Challenging Moment #MTBoS12days

Ok this is a tough one. I’ve been challenged plenty in my 2.5 years teaching. I think a moment that sticks out to me is in my first year teaching. I had big big big problems with classroom management and had one class in particular that was pretty bad. It really just consisted of two boys that pretty much ran the class. They’d shout out or at each other, make fun of other kids, end up rolling on the floor, throw things. The school disciplinary procedure (referrals, detentions, suspensions) did nothing and I had had some parent complaints. My first out of three observations happened in that class in December. During that lesson, with the assistant principal in the room, the behavior was still crazy. My AP pretty much told me that I had to get it under control or I’d be in trouble (or at least that’s what I saw it as – she said later that I was always in good shape to be hired the next year). It was after that meeting, right before winter break, that I went to my first blog looking for classroom management techniques. I had also asked for help from my mentor and other teachers and was assured by my team that I could send the two boys to other classrooms every day if I needed to, but I always resisted that and I had tried a few things my mentor suggested but it wasn’t working. So my first real venture into the #MTBoS was because of this moment. I can’t for the life of me find what I read first, but it spiraled into me getting Feedly and subscribing to a bunch of math blogs.

After winter break, I told my class we were “starting over” and told them to do a bunch of crazy things for one minute like stand on the tables, scream, run, etc. After the minute was up they got into their seats quietly and we agreed that we should never see any of these behaviors again, otherwise we would have these specific consequences (that they came up with/agreed on). I also started a “Secret Student” class competition, where I would choose a student to secretly observe for behavior throughout the class. If that student had acceptable behavior the entire time (sometimes I’d announce at the beginning that I was specifically looking at good group work today or something like that), I would say at the end of class “Our secret student Johnny did this and this and this to get you a secret student point today!” However, if the student did not have acceptable behavior, I’d say “Our secret student was not able to behave acceptably today. We will have to try again tomorrow.” I allowed students to see me outside of class, alone, if they wanted to know if they were the one that caused the class to not get their point. When we reached a certain number of points, we’d get a party.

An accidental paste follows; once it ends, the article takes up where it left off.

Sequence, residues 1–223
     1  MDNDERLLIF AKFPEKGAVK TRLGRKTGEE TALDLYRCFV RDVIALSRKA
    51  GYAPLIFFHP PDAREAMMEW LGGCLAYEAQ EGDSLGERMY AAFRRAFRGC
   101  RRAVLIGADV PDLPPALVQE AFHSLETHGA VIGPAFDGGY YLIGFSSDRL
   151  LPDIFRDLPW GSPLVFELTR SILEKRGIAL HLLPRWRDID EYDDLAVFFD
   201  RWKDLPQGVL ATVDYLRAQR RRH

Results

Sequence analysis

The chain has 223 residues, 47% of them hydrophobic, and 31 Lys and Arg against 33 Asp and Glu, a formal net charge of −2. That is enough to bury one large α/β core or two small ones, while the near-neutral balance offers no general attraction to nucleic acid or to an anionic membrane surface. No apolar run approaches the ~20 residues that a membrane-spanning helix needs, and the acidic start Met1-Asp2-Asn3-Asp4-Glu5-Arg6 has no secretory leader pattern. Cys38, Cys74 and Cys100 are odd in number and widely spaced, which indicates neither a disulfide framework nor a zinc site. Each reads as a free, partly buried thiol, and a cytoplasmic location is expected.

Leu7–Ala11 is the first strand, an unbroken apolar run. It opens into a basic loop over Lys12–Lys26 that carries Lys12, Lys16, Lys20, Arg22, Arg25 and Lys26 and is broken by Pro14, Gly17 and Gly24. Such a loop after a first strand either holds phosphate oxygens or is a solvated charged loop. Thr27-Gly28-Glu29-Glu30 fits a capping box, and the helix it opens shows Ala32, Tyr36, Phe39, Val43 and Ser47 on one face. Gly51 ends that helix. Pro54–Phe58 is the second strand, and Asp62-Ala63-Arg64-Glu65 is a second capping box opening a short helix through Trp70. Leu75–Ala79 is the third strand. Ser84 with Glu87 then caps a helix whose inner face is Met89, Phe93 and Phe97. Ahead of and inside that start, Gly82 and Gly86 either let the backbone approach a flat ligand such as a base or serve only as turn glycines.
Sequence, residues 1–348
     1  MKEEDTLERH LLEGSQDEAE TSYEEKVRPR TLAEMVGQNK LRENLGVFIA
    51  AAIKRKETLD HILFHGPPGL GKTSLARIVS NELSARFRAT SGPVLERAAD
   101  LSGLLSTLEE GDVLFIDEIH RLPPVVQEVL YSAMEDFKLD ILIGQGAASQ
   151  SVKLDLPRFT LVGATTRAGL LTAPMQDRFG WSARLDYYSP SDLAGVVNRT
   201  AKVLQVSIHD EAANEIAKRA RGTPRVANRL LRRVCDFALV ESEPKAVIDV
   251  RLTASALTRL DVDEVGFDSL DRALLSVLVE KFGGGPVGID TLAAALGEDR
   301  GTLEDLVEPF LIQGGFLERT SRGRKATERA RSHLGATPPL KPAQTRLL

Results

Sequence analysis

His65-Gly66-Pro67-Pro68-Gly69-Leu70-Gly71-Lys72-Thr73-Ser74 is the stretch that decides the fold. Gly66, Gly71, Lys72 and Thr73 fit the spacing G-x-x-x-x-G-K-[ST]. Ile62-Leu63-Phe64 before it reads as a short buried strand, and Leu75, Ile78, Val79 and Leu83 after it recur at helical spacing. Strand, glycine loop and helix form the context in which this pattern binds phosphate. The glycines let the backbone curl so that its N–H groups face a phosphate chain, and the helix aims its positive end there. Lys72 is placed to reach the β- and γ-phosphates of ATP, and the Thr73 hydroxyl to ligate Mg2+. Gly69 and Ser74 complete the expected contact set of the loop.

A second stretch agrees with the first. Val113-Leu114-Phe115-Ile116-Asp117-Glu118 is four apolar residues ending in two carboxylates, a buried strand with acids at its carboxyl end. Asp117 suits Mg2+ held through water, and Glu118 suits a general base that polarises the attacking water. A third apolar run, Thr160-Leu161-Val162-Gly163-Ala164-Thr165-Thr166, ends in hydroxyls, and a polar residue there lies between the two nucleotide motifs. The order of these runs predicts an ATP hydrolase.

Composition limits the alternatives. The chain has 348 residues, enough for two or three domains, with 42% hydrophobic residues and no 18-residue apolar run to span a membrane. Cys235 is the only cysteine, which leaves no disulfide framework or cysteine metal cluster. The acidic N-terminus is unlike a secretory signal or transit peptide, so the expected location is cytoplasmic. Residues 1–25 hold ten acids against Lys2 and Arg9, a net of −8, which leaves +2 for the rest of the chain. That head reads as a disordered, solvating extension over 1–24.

The behavior was pretty good after that. I’m not gonna say that everything instantly turned around, but I was able to usually go a few days without having something thrown or shouted and that was good. It also helped me know how to start off my next year better.

La mauvaise conduite des étudiants ne me conviennent jamais, mais maintenant j’ai quelques stratégies.

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